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Introduction to clustering large and high-dimensional data
by Jacob Kogan Cambridge University Press, 2007
Reviewed by: Nicolas Loménie |

Although the book is entitled Introduction to clustering large and high-dimensional data, it focuses on the k-means numerical scheme and text mining applications. At first glance, one might consider it as a challenge to write an interesting 200 page-long book with 149 references on such a narrow subject as the k-means algorithm. However, in the course of my research activity, I have come to practice the k-means scheme on stereoscopic data for visual computing in many more ways than those generally accepted in the computer science community. Arguing with colleagues—experts in data mining and classification areas—I have claimed that the k-means scheme is too often reduced to merely its basic, primal formulation as a quadratic distance-based algorithm used to discover structures. To me, the k-means scheme is a much more general and subtle scheme. And that is exactly the topic of this book.
This book consists of 11 chapters. Each chapter ends with thorough bibliographic notes and references. Chapter 1 introduces the topic of the book: clustering of sparse data in high-dimensional space, especially for document retrieval. Chapter 2 deals with the classic formulation of the quadratic k-means algorithm in Euclidean spaces. Chapter 3 is a brief chapter dedicated to the BIRCH algorithm that operates on large amounts of data, but where there are limitations on the amount of memory space. Chapter 4 deals with the spherical k-means algorithm, which is an adaptation of the k-means scheme to a particular space (called hypersphere) embedded in the Euclidean space and usually adopted in document retrieval applications. Chapters 5 to 8 broaden the classic quadratic k-means scheme to various formulations, demonstrating that this numerical scheme has broader applicability than is usually depicted in the scope of lectures or even research papers. Chapter 9 moves on to the issue of the assessment of clustering results. Finally, Chapters 10 and 11 give an interesting appendix on optimization and linear algebra backgrounds and solutions to selected problems/exercises raised all along in the preceding chapters.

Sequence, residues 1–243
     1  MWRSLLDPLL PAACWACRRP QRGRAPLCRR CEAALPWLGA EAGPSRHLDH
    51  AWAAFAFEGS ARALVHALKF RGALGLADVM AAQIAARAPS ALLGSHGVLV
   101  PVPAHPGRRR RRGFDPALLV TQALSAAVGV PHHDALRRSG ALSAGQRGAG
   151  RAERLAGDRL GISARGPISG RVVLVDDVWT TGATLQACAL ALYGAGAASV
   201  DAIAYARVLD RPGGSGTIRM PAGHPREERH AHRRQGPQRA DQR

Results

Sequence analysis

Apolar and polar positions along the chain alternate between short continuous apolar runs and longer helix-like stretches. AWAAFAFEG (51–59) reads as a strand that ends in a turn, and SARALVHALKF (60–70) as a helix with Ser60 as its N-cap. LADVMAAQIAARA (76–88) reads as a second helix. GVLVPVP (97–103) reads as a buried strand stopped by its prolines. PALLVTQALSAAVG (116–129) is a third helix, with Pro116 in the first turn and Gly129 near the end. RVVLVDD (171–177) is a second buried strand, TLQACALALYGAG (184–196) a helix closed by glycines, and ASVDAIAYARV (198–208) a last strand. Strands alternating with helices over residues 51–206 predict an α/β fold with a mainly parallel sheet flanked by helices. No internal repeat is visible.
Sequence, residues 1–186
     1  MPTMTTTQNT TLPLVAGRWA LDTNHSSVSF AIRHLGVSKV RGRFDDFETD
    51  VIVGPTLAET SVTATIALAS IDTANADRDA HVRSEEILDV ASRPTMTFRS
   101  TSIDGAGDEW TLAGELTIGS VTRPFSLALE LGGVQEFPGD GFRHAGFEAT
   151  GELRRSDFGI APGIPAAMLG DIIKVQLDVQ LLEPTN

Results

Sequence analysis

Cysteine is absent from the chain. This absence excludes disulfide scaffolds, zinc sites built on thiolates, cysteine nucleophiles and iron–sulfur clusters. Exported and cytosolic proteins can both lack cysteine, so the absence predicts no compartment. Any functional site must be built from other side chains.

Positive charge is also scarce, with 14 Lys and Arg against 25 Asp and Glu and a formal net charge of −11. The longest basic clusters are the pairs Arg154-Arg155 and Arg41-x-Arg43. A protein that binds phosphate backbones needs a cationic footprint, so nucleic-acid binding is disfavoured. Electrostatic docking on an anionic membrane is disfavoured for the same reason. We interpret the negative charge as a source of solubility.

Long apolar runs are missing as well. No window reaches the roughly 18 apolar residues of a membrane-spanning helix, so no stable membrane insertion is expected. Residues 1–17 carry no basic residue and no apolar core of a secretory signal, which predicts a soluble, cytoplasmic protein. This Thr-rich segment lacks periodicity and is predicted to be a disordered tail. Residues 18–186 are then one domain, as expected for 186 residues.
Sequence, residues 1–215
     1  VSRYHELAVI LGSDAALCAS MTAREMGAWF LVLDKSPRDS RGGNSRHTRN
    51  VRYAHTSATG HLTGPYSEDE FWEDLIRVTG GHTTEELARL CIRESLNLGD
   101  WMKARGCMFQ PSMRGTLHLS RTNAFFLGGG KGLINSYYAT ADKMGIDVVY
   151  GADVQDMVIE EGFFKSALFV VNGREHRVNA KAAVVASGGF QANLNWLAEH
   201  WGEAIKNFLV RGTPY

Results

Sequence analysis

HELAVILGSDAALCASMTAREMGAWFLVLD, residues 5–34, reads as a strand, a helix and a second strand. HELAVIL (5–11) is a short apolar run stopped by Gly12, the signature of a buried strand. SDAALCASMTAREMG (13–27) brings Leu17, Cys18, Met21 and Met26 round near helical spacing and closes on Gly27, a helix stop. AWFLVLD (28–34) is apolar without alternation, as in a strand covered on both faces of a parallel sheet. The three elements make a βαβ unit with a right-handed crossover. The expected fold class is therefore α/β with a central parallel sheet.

The author is a professor in the department of Mathematics at the University of Maryland, Baltimore. Therefore, the book is a formal treatment of the topic with numerous definitions, theorems and lemmas. It also provides a lot of numerical experiments and discussions with simple examples to clarify the behaviors of this stimulating scheme. Hence, this book may serve as a useful reference for scientists and engineers who need to understand the concepts of clustering in general and/or to focus on text mining applications. It is also appropriate for students who are attending a course in pattern recognition, data mining, or classification and are interested in learning more about issues related to the k-means scheme for an undergraduate or master's thesis project. Last, it supplies very interesting material for instructors.
To improve the second edition, I would suggest : ¨ to give many more pseudo-code, ready-to-implement algorithms; or, at least, to make them more visible in the text. ¨ to provide many more references to the pattern recognition and computer science communities that have been facing these issues as well : a book like that of J. Bezdek et al. about fuzzy clustering, for example.
From a general point of view, it is interesting to note that, even in such a narrow scientific area, the community does not use a common vocabulary; for instance, term fuzzy is hardly written once in this book! |

Click above to go to the publisher’s web page where you see a Description of the book, the Table of Contents, an Excerpt, the Index, Copyright information, and Frontmatter. |

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